I certainly hope rt isn't going away any time soon. I just convinced some higher up's in my company that rt is good for on-the-go business.
RT plus whatever merger is going to be fine.
Just looking at the Guardian article, you can see it's fraught with incompetent writing and poor critical thinking, basically just making news out of speculation. How anyone can take it seriously is beyond me--it's appropriate only as an amateur blog opinion piece, similar to mine, really. The lynchpin quote by Larson-Green is the whole "We're not going to have three." But that doesn't actually say anything when you think about it.
Look closely: The interview quotes the Guardian author uses as "evidence" are from third party people, especially from OEM counterparts who were pissed at MS for going into hardware with the Surface RT in the first place last year. Why would they want Windows RT to succeed? Of course they would want a self-fulfilling prophecy of failure as punishment, because they can say "We told you so." Windows 8, on the other hand, is a discrete product that is still firmly entrenched in multiple corporate products and isn't tethered to MS' Surface product the way Windows RT is to the Surface RT, which was Microsoft's first release--it was Jeff here who said, based on his conversations with MS at the launch, that the Surface RT line with WinRT actually represents the pure Windows experience of the future. I suppose I can see that.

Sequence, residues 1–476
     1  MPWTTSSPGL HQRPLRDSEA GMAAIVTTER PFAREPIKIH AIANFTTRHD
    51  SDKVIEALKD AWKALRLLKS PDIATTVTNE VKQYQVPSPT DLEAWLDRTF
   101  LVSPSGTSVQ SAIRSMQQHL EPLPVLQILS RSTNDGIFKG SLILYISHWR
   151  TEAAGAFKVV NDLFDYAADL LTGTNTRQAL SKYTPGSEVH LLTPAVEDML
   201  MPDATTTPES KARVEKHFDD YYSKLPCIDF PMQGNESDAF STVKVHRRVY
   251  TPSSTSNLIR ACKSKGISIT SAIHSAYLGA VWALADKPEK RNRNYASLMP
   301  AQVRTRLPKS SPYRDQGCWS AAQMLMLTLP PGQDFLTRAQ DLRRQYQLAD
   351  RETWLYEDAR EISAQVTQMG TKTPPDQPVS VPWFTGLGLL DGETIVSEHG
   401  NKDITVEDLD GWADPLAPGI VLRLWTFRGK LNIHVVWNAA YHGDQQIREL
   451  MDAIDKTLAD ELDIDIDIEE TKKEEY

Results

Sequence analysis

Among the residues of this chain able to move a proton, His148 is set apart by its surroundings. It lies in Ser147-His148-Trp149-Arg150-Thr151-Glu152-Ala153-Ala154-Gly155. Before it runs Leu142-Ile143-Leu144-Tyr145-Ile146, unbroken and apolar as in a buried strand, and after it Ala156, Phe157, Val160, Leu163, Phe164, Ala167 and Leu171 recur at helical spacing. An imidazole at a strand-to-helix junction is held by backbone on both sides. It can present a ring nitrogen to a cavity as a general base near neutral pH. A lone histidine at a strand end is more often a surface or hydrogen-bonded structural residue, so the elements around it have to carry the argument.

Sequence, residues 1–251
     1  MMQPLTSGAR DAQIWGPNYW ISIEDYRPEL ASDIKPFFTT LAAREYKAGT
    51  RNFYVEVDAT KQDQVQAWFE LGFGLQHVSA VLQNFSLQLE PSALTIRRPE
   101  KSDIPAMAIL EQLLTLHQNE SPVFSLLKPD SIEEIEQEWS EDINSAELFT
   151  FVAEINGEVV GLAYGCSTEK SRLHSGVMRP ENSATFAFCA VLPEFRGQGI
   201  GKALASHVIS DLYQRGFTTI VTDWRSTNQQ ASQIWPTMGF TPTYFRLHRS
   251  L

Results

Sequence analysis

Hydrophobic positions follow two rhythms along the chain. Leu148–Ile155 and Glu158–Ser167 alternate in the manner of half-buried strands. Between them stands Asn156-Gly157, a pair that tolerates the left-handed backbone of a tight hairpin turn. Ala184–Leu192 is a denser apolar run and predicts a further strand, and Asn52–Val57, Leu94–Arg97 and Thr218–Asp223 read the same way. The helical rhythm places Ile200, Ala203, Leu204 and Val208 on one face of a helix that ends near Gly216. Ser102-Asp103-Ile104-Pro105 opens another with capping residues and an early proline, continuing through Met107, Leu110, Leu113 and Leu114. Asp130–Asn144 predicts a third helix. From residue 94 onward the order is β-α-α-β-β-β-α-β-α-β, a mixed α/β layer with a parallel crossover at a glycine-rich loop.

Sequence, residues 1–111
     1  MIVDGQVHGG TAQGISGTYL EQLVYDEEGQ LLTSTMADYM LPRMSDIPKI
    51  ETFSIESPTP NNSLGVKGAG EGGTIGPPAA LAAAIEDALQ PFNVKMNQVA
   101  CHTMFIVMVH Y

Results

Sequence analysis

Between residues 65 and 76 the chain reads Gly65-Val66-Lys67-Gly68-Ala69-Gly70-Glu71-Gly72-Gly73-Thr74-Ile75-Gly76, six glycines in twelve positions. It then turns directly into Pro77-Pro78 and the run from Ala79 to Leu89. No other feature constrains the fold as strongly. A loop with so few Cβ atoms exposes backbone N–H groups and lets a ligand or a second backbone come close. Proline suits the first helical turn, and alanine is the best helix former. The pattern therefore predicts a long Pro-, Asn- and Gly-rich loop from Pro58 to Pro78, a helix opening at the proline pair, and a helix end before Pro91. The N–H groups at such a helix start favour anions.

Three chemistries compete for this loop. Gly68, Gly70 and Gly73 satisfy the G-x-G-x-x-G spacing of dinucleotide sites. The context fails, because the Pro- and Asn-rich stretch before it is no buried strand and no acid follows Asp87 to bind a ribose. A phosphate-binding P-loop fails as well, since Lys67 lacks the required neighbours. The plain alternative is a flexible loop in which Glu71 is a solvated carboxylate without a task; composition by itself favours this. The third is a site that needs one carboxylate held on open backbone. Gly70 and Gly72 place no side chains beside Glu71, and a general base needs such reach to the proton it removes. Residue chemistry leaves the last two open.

Don't worry about it. With the software OS merge, it's an evolution, not abandonment. Jeff's conversations with MS are a lot more trustworthy in terms of Microsoft's intent to evolve away from the desktop MDI model, though I personally would stick to whatever "Pro" version if MS decides to leave MDI design to corporate/professional-level products.